Lenny Dykstra v. St. Martin’s Press LC, MacMillan Publishing Group, LLC, Ronald Darling et al, 2020 NY Slip Op31813 (U) (Supreme Court, NY Cty.) Representation of former Mets star pitcher Ron Darling against a defamation claim by his former teammate Lenny Dykstra, based on a mention of Dykstra in a book Darling wrote. Darling moved to dismiss the complaint on the grounds that Dykstra’s reputation, based on his own conduct, statements, and surrounding circumstances, was so bad that Dykstra was “libel-proof” as a matter of law. The court agreed, and dismissed the case. Keep on Kicking Music, Ltd. v. Hibbert, 2016 U.S. Dist. LEXIS 109326 (S.D.N.Y. 2016); and Keep on Kicking, Ltd. v. Hibbert, 2017 WL 323644 (S.D.N.Y. 2017) Representation of International music publisher Keep on Kicking against Reggae musician Toots Hibbert in multi-year litigation involving publishing and related rights to numerous compositions. The district court declared that KOK was the exclusive and worldwide administrator, co-owner, and co-publisher of the compositions, and granted related relief to KOK, and when Hibbert tried to pursue his claims in Jamaica, the district court enjoined Hibbert and granted the Firm $12,500 in sanctions.
Veneruso v. Mount Vernon Neighborhood Health Center, 2014 U.S. App. LEXIS 8449, 2014 WL 1776011 (2d Cir. May 6, 2014), aff’g 933 F. Supp.2d 613, 2013 U.S. Dist. LEXIS 40522, 2013 WL 1187445 (S.D.N.Y. 2013) Representation of a health plan which sued one of its sponsors in state court, alleging statutory violations and related common law claims arising out of the withdrawal of almost $1 million of the Plaintiff’s funds. The Defendant tried to “make a federal case out of it” by removing it to federal court on the basis of claims of the existence of federal funds, federal questions, federal agency, and sovereign immunity. The district court rejected all such claims and the Second Circuit unanimously affirmed, resulting in a remand of the case back to state court.
Gardiner International, Inc., and E. Nicholas P. Gardiner v. J.W. Townsend and Company, Inc. and John W. Townsend, Index No. 602002/03 (Sup CT NY Cty 2008) Representation of Gardiner International, Inc. and its principal Nicholas Gardiner, executive search consultants who were entitled to $600,000 as their 75% share of an $800,000 placement fee on the basis of their having initiated the search that led to the fee. The defendants, who were partners of the Gardiner parties, obtained and withheld the entire fee on the basis of their claim that they had been involved in the placement. A unanimous state court jury awarded the Gardiner parties their full $600,000 share, determining that entitlement to the 75% share was based on initiation, not placement.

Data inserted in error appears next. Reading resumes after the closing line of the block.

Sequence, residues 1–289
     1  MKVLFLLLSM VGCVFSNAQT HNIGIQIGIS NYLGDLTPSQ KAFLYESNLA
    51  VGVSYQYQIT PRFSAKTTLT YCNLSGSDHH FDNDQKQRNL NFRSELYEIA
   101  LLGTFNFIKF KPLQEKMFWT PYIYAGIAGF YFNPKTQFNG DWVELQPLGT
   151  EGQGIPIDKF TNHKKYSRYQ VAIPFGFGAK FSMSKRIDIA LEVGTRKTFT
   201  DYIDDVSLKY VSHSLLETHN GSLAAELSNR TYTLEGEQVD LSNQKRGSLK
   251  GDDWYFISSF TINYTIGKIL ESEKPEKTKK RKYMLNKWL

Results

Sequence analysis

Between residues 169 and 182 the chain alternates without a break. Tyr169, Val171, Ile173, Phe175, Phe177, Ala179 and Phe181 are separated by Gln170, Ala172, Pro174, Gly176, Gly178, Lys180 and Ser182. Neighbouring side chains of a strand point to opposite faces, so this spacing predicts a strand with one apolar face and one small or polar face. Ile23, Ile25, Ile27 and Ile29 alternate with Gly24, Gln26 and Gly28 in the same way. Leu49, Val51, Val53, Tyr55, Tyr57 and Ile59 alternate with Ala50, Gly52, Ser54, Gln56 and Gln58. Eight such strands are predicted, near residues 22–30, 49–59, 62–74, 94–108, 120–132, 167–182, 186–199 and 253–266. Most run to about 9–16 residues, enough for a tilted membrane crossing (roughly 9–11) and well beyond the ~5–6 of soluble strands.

Roundabout Theatre Company, Inc. v. Continental Casualty Company, and J & H Marsh & McLennan, Inc., 2004 Slip Op 303916 (1st Dep't May 13, 2004) Representation of J & H Marsh & McLennan, Inc., a major insurance broker accused of misconduct in connection with responding to a client's insurance needs. The unanimous Appellate Division decision, affirming the trial court's grant of summary judgment dismissing the complaint, held that the broker's express disclaimer of responsibility until it could meet with the client to properly assess the client's needs, together with the fact that no such meeting was held, resulted in no liability as a matter of law.
Purgess v. Sharrock and Hospital for Special Surgery, 33 F. 3d 134 (2d Cir. 1994) Representation of Jan Purgess, a doctor terminated and defamed by accusations of malpractice and misconduct. The case resulted in the largest jury verdict for defamation of a doctor ever sustained in New York. The unanimous circuit court decision affirming the $5.1 million total damage award established that neither mandatory reporting requirements nor statutory privileges would insulate hospitals or their department heads from the consequences of actions taken in bad faith.